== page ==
What to Expect

From Barton Brimm, PA

Barton Brimm, PA is proud of its good working relationship with its clients, including the following:

  1. The client will receive copies of all correspondence sent by the Firm and all pleadings and orders entered in the case;
  2. The client will participate actively in determining the strategies involved, including an evaluation of possible settlement proposals;
  3. The client will review, to the extent possible, all pleadings before they are filed;
  4. The client will be advised of any and all settlement overtures that are received and the advantages and disadvantages of the proposals and possible responses;
  5. Any calls from the client will be returned promptly and, in any event, within 24 hours;
  6. The Firm will expect the client to be available and responsive concerning information requested, issues raised by the Court or the US Trustee, and preparation for hearings.

From the Bankruptcy System

An efficient and effective bankruptcy system is so critical to the operation of a civilized country that the founding fathers provided for it in the United States Constitution. Over the years, the laws controlling bankruptcy have been modified many times. The changes which occurred as a result of the Bankruptcy Abuse Prevention and Consumer Protection Act of 2005, had its most dramatic impact on consumer bankruptcies, and also contained new and different provisions with regard to commercial cases. Because the laws are ever changing and because they are interpreted by case law which also changes frequently, it is vital that any attorney handling bankruptcy matters be committed to this area of the law.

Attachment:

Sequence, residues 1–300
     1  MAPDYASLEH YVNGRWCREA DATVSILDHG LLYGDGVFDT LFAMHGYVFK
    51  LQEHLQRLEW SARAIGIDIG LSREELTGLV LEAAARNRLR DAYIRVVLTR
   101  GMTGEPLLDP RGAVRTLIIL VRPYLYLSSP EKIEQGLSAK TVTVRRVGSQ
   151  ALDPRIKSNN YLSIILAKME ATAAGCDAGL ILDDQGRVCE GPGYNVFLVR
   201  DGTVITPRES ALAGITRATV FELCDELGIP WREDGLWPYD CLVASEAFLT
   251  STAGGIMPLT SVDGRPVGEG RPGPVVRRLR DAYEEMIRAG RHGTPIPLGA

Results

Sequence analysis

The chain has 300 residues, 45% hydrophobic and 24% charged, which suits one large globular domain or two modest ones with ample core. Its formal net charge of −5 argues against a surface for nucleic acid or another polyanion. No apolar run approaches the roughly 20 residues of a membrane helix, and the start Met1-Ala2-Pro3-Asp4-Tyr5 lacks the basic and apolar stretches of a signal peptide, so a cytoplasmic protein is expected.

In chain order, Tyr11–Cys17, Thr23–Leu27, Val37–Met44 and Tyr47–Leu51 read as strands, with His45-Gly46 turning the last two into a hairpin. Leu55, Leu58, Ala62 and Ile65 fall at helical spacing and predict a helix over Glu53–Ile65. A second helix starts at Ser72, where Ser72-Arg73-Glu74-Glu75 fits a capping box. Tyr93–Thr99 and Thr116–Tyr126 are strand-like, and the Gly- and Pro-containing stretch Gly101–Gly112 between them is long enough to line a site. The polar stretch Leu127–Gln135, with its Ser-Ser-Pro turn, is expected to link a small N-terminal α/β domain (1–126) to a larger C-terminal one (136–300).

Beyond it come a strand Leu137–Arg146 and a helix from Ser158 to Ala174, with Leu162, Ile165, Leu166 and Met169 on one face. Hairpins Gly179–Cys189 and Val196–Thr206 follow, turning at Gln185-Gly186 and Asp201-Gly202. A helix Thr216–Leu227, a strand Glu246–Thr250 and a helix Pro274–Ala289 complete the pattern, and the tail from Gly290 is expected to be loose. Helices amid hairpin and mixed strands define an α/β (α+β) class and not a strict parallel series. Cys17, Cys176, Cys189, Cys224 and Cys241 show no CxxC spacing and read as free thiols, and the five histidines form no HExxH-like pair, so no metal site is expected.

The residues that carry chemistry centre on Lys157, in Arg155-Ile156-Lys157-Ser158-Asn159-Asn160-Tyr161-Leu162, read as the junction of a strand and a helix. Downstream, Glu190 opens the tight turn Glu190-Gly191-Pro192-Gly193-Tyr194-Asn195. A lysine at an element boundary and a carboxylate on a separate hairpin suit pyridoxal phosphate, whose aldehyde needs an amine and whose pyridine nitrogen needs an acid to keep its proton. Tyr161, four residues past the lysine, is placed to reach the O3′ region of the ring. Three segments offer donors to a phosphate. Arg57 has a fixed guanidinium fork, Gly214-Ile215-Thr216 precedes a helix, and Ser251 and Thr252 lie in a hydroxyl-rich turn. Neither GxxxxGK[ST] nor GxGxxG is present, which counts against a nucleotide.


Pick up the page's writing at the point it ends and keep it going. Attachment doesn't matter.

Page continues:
The Small Business Reorganization Act, found at Subchapter V of Chapter 11, went into effect on February 19, 2020. The SBRA was designed to expedite and reduce the cost of bankruptcy reorganization for small businesses. Christie Brimm was appointed as one of the two Small Business Trustees to oversee these cases in South Carolina.

Unlike most states, South Carolina has only one federal bankruptcy district which covers the entire state. The main office of the bankruptcy court is in Columbia, South Carolina, but the Court conducts hearings in Columbia, Greenville and Charleston.  Cases are assigned to these areas based upon the county in which the debtor is located, and one of three bankruptcy judges is assigned to each case.  The Firm’s practice is state wide, covering all of South Carolina and elsewhere, and the Firm travels beyond the borders of South Carolina to provide representation in other states.

Christine E. Brimm
Rated by Super Lawyers

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  • Chapter 11
  • Chapter 7
  • Chapter 15
  • Chapter 9
  • Chapter 12
  • Chapter 13
  • Debtor
  • Creditor
  • Committee
  • Trustee
  • Adversary
  • Debt
  • Workouts
  • Insolvency
  • Business
  • Bankruptcy
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